Philosophy Dictionary of Arguments

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Time: A. Time is a dimension in which events are arranged. At first, no direction (before / after) is defined with this. A time direction can be obtained in the context of the Second Principle of Thermodynamics. However, a global framework must be assumed, within which there is an increase of entropy. The assumption of increasing entropy does not apply to the comparison of local events. B. In the case of the subjective time, the question of direction is less problematic. The perceived time direction is expressed by the learned use of the terms "before" and "after". See also time arrow, time travel, time reversal, symmetry, duration, space time, relativity theory, four-dimensionalism, world lines.

Annotation: The above characterizations of concepts are neither definitions nor exhausting presentations of problems related to them. Instead, they are intended to give a short introduction to the contributions below. – Lexicon of Arguments.

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John Bigelow on Time - Dictionary of Arguments

I 192
Branched Time/Possible Worlds/Bigelow/Pargetter: we allow the time to be branched, i. e. there are several futures for each past. We should also allow something like this to be possible for development within one. That is, two parts could have the same origin. Also fusion and temporary joining of parts.
Problem: it is surprising that such parts would have to have at least one temporal part in common.
For example, suppose we meet Jane from another part of the same possible world. Let's consider the
Counterfactual conditional: if we had not met Jane, she would not have existed.
BigelowVsLewis: according to him it must be true
Bigelow/Pargetter: according to us it is obviously wrong. There must therefore be at least one possible world in which Jane exists and we do not meet her. And this possible world must then contain all Janes and us, even though there is no connection between us.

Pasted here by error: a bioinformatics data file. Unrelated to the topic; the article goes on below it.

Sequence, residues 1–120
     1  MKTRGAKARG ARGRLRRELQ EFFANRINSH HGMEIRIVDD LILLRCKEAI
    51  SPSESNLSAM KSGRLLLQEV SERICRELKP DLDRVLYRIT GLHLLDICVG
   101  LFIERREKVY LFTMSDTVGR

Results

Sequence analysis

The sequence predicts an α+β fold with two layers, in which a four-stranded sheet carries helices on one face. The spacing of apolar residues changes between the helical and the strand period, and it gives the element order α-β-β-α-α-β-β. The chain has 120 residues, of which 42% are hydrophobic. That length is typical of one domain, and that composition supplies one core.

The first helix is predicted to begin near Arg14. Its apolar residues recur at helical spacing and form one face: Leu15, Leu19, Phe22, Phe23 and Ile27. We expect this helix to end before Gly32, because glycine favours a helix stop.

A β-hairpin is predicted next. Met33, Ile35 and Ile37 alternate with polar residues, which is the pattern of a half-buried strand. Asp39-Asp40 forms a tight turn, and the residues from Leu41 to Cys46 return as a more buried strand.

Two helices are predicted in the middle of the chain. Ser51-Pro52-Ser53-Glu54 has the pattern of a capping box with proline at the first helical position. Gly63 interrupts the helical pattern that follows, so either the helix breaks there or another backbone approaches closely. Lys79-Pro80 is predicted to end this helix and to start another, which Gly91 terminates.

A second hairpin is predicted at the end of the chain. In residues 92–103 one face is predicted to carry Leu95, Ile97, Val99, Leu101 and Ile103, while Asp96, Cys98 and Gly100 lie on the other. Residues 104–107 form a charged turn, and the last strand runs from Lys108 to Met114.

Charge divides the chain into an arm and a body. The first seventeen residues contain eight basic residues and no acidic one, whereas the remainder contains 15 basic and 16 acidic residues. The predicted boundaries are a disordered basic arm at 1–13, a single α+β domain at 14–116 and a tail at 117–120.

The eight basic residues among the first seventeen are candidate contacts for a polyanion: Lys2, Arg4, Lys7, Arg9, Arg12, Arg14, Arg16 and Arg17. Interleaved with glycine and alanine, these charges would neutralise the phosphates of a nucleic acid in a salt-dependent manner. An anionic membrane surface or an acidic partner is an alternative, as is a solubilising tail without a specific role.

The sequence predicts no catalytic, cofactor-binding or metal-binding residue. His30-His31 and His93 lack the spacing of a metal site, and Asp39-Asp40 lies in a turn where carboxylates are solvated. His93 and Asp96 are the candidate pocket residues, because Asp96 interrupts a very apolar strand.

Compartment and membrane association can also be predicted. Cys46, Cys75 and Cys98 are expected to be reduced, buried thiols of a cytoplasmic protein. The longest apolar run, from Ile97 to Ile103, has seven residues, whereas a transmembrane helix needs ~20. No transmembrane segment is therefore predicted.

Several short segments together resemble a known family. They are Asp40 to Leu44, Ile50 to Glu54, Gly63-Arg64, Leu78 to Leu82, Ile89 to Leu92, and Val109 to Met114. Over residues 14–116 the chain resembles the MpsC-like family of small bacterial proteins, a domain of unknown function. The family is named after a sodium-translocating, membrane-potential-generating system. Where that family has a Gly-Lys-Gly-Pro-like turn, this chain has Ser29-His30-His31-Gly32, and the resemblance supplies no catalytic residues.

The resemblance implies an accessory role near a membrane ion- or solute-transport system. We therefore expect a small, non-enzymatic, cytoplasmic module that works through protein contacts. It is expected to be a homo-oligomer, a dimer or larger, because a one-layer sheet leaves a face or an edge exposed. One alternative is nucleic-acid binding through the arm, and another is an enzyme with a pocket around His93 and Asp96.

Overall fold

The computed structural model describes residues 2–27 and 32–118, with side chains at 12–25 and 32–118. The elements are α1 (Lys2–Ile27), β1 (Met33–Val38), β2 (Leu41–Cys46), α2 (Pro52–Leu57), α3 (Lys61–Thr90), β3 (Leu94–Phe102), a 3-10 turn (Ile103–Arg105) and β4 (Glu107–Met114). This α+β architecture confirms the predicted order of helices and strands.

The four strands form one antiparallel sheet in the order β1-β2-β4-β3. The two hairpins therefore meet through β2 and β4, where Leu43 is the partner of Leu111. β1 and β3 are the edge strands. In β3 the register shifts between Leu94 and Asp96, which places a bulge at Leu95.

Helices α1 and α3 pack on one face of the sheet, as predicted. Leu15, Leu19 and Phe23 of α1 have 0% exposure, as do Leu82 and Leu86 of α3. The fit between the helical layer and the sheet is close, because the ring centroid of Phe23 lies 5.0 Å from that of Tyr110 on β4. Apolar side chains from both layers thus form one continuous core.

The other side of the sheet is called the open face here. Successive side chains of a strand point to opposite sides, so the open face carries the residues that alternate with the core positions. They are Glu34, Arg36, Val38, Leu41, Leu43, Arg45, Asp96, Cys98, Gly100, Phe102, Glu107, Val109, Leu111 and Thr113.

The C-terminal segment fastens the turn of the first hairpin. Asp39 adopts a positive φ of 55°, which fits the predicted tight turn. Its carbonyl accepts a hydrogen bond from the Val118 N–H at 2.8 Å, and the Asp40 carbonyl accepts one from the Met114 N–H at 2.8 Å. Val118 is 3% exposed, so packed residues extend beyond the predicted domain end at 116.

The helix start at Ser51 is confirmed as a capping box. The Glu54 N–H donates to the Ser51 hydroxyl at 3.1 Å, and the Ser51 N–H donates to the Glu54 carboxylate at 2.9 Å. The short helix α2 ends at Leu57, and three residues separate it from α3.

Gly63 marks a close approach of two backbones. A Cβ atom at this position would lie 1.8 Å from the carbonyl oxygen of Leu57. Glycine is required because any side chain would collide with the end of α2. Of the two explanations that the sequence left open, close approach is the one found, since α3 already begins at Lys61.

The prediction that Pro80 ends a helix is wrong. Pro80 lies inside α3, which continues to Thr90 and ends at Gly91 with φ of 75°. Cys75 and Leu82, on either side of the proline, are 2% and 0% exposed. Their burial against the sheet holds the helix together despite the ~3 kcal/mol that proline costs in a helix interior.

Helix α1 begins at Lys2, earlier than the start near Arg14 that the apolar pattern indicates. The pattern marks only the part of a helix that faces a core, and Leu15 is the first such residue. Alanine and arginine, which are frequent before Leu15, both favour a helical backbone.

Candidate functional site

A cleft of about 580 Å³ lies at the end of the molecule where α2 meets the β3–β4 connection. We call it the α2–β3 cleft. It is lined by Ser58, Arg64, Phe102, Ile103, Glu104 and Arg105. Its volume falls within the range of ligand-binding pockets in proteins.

LewisVsVs: he would then have to accept any other connection and corresponding counterfactual conditional: "... an ancestor or descendant of ours could have met an ancestor or descendant of her" etc.
BigelowVsLewis: this is still wrong in the world in question and less plausible than the above mentioned counterfactual conditional. This shows the falseness of temporal theory.
BigelowVsLewis: he is in a dilemma: either he takes the world companion relation as a primitive basic concept or he allows modal basic concepts.
I 193
Counterpart relation/GR/Lewis/Bigelow/Pargetter: Lewis still counts on a more important relation, the counterpart relation: it is not a good candidate either for an unanalysed basic concept, and yet it also needs modal basic terms.
BigelowVsLewis/BigelowVsCounterpart Theory/Bigelow/Pargetter: it also leads to circularity because it requires modal concepts. This means that it cannot justify the modal logic.

Explanation of symbols: Roman numerals indicate the source, arabic numerals indicate the page number. The corresponding books are indicated on the right hand side. ((s)…): Comment by the sender of the contribution. Translations: Dictionary of Arguments
The note [Author1]Vs[Author2] or [Author]Vs[term] is an addition from the Dictionary of Arguments. If a German edition is specified, the page numbers refer to this edition.

Big I
J. Bigelow, R. Pargetter
Science and Necessity Cambridge 1990

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Ed. Martin Schulz, access date 2021-06-23
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